Are You Currently Bound by a Restrictive Covenant?

Some employers require employees to sign either non-competition or non-solicitation agreements without clearly informing them that they are entering into such obligations.  They may require new employees to sign restrictive covenants when they are signing “new employee” human resource documents.  They may also insert these restrictive covenants in stock option, deferred compensation, bonus or commission agreements.

When determining whether you are bound by such provisions, it is important to go back and reread your employer’s policies and procedures, and all compensation and stock option agreements that you have entered into, to determine whether there are such limitations;

Tell Your Prospective New Employer Whether You are Bound by Restrictive Covenants

Employers need to know whether a new employee is bound by a restrictive covenant.  Employers are not interested in hiring someone who will bring with them a lawsuit filed by their previous employers alleging violations of restrictive covenants.  Even if the perspective employer does not ask, the employee should affirmatively inform the employer of any restrictive covenant limitations he or she may have;

Ask Your Prospective Employer Whether You’re Required to Agree to a Restrictive Covenant

To minimize future problems, you should ask the prospective new employer at an appropriate time (not the first interview, but before accepting the job) whether you will be required to enter into any restrictive covenants, and if so, under what circumstances;

Assume That Non-Compete Agreements are Enforceable

Initial consultations with employees regarding their non-competition and non-solicitation agreements often start with “well, I’ve always heard that these things are not enforceable.” Not so.  Although the Georgia law prior to 2011 required clear drafting for the agreement to be enforceable, such specificity is no longer required under the new Georgia law.  Employees should never enter into agreements thinking that the agreement is probably unenforceable.  Assume the agreement is enforceable, and how you may be affected if it is enforced as written;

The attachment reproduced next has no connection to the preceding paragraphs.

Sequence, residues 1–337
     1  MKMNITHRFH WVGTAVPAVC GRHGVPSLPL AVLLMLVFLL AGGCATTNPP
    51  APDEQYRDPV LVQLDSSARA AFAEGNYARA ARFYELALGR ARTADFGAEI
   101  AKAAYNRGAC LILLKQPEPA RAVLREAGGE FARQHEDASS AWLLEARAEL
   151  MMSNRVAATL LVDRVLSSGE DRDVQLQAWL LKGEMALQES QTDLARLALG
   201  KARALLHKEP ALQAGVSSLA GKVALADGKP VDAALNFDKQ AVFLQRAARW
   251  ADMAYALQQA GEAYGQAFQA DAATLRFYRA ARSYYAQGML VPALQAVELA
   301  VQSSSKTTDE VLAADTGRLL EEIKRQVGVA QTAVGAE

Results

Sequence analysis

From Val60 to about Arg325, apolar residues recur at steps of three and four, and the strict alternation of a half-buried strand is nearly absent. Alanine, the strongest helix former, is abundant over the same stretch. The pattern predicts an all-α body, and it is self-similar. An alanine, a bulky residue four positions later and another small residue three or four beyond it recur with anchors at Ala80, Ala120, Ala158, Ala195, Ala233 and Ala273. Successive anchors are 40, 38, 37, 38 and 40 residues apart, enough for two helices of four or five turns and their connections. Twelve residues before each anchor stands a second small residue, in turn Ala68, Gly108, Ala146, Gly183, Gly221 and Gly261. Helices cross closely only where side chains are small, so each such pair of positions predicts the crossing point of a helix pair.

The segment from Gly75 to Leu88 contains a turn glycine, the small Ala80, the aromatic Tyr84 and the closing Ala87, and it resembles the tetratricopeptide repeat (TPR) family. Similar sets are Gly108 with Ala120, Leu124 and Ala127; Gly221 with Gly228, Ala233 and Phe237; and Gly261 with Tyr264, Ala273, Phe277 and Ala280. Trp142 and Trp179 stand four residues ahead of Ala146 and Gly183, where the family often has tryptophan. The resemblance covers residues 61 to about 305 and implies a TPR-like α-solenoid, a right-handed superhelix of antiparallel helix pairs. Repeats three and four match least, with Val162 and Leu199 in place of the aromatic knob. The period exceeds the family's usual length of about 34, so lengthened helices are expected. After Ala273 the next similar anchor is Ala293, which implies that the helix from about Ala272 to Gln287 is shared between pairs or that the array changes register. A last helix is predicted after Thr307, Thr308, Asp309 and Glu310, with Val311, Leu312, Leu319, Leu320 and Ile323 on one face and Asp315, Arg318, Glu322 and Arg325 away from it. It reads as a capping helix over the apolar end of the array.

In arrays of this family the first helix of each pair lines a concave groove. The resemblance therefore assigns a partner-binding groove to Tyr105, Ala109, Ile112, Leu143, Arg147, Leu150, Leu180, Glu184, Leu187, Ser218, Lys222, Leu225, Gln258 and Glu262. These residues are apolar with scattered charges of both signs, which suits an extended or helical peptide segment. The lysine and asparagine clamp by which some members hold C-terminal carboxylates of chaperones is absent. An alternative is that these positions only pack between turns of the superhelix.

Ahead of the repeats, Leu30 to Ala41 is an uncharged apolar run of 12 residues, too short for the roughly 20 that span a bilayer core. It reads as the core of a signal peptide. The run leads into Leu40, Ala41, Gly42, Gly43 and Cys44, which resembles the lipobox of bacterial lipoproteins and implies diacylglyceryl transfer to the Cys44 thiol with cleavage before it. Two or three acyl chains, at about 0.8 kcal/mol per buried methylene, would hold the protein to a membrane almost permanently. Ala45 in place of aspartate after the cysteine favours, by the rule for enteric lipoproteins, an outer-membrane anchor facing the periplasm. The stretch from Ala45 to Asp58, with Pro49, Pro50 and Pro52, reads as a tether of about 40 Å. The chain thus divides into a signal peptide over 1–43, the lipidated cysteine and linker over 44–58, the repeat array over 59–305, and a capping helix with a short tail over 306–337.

Comply Fully with your Non-Disclosure Obligations

Finally, regardless of whether you are subject to a non-competition or non-solicitation agreement, employers may require their employees to enter into “Confidentiality Agreements” or ”Non-Disclosure Agreements”. Employers have a legitimate interest in trying to prevent employees from passing on or using confidential or proprietary information at their subsequent employer.  Nonetheless, it is not uncommon for former employers, sometimes with little factual basis, to claim that employees are violating their confidentiality obligations, and then use those allegations as a “back door” way to try to restrict the employee from either competing or soliciting customers or employees.


The increasing use of non-competition agreements, coupled with employer and customer non-solicitation agreements, is restricting the subsequent employment of many employees.  It is important that all employees (1) determine whether they are currently subject to any non-competition or non-solicitation agreements; (2) understand what their limitations are with these agreements; and (3) comply with their obligations not to disclose and keep confidential their former or current employer’s confidential information.

Categories: Compensation